Seizing on the implosion of former congressman Anthony Weiner‘s campaign, mayoral hopeful William Thompson delivered a surprising and full-throated denunciation of New York’s “stop and frisk” crime fighting tactic Sunday, linking the polarizing police practice to the same kind of racial profiling that he said led George Zimmerman to shoot unarmed teenager Trayvon Martin.
Mr. Thompson’s impassioned public statement, delivered to a mostly black congregation at the Abundant Life Church in the Brooklyn borough of New York, was unusual for the cautious politician, who has previously taken more moderate stances on stop and frisk, a policy that allows city police to frisk people they think might be involved in serious crimes. Leaders of the city’s black community, meanwhile, have been outspoken critics.
In general, Thompson has avoided the heated topics of race, and that could partly explain his comparatively tepid support among black voters so far–a constituency Thompson needs in the upcoming Democratic primary. But Mr. Weiner’s troubles come as an opportunity for Thompson. Black voters had been the strongest supporters of Weiner, and the main reason the former congressman had surged to the top of the polls before last week’s reignited sexting scandal.
One reason for Weiner’s popularity among black voters, many have pointed out, was his outspoken criticism of stop and frisk, a policy Thompson has said he would continue, with modifications, if he were elected mayor. On Sunday, however, the former New York City comptroller, who is black, dialed up his rhetoric considerably.
“How did the system fail?” Thompson said. “Here in New York City, we have institutionalized Mr. Zimmerman’s suspicion with a policy that all but requires our police officers to treat young black and Latino men with suspicion, to stop them and frisk them because of the color of their skin. Six hundred thousand of them in 2011–more than 90 percent innocent–are profiled as Trayvon was profiled.”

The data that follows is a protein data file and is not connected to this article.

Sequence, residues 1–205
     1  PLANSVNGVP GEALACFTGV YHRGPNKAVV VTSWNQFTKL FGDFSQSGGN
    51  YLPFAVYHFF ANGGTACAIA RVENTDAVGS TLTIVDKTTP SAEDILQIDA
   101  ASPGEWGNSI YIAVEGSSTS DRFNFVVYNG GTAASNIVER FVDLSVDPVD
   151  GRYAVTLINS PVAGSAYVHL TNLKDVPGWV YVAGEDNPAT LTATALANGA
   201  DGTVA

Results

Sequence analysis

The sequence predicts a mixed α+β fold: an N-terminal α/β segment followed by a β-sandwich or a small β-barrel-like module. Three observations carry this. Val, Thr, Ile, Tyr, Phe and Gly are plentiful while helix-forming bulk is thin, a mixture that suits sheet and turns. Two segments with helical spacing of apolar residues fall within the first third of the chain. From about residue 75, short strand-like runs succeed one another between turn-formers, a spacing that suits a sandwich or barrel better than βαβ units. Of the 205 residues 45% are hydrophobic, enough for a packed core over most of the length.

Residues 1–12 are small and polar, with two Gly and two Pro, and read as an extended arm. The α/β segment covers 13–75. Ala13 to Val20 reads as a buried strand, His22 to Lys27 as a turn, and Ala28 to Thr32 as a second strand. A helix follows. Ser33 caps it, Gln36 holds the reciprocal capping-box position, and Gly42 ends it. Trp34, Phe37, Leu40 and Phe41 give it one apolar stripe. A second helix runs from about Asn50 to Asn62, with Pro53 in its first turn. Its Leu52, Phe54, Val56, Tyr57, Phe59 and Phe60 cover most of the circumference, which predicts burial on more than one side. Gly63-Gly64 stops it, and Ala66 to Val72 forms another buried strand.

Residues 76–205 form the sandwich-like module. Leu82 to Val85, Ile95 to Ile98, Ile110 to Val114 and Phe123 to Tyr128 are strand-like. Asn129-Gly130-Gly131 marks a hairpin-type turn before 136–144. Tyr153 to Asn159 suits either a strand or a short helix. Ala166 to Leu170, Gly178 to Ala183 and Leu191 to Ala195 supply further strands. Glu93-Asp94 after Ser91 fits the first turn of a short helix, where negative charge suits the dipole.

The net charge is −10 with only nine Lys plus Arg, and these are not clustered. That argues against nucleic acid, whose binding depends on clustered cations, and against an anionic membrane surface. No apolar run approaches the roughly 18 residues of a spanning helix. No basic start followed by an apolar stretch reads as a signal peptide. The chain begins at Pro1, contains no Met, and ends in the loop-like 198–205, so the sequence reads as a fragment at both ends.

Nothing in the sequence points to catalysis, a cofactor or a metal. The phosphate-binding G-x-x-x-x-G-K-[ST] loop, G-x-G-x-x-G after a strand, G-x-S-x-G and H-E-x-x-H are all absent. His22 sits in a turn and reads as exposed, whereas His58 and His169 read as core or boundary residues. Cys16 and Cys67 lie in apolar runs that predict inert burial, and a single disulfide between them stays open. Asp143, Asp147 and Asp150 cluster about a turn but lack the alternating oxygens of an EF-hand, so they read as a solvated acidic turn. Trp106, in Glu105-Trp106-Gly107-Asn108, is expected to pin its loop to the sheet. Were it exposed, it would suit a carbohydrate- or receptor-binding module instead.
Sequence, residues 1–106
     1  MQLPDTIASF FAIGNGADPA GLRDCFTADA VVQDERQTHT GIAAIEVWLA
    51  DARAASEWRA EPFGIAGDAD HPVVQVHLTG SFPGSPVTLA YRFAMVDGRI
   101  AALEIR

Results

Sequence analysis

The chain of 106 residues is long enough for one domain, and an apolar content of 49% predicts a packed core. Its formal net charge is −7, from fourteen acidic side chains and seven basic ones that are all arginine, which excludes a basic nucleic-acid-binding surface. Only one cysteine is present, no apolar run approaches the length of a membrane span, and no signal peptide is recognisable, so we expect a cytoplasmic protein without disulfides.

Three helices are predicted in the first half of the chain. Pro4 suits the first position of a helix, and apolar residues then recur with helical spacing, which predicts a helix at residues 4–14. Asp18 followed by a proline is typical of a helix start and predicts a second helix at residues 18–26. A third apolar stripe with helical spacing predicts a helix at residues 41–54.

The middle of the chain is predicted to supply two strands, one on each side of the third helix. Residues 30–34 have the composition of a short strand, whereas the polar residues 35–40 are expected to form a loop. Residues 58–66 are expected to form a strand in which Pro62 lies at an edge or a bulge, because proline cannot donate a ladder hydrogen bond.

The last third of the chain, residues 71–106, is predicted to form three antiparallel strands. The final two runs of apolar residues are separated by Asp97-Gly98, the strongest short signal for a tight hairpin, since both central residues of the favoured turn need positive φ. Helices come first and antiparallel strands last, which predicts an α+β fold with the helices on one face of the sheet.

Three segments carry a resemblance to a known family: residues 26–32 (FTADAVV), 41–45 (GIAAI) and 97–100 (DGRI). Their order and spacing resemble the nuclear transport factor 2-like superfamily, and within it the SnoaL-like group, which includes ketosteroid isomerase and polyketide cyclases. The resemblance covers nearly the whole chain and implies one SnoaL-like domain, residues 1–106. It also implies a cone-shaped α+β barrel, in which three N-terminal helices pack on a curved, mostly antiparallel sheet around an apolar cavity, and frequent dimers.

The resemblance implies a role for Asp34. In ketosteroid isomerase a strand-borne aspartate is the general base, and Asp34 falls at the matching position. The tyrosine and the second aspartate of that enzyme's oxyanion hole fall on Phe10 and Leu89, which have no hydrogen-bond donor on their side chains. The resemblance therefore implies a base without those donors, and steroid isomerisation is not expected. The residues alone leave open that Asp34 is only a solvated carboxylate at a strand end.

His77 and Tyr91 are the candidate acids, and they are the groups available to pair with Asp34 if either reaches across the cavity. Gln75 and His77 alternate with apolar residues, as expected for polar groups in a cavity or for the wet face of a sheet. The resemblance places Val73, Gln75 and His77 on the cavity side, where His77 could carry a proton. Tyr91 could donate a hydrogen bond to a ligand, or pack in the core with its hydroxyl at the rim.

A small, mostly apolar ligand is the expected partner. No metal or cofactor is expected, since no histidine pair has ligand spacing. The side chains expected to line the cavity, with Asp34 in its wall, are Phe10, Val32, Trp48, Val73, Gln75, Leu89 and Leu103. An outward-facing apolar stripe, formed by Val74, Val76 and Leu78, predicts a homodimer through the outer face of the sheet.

So far, the responses to Thompson’s bold foray have been exactly what the candidate must have hoped. The Rev. Al Sharpton, president of National Action Network in New York and a critic of Thompson’s views on stop and frisk, said the candidate’s statement was finally “on point.”
In tone, Thompson’s speech was a remarkable departure from his previous views, which were among the more conservative “law and order” positions in the campaign.
He has pledged to keep stop and frisk as a crime-fighting tactic, promising only to curb its excesses. And he has also opposed two controversial measures passed recently by the New York City Council: one that creates an independent inspector general to monitor the New York Police Department, and another that allows people to sue the department if they believe they have been illegally profiled by race.
On Monday, he clarified his position on stop and frisk, saying he still supports the law but wants to “make sure that government doesn’t institutionalize suspicion.”
“I would say that my position on stop-and-frisk still is the same,” Thompson said at a campaign event in front of City Hall. “It is the continual concern that I think I have said for not even months, but for years, that stop-and-frisk, while a useful policing tool, it has been misused and abused.”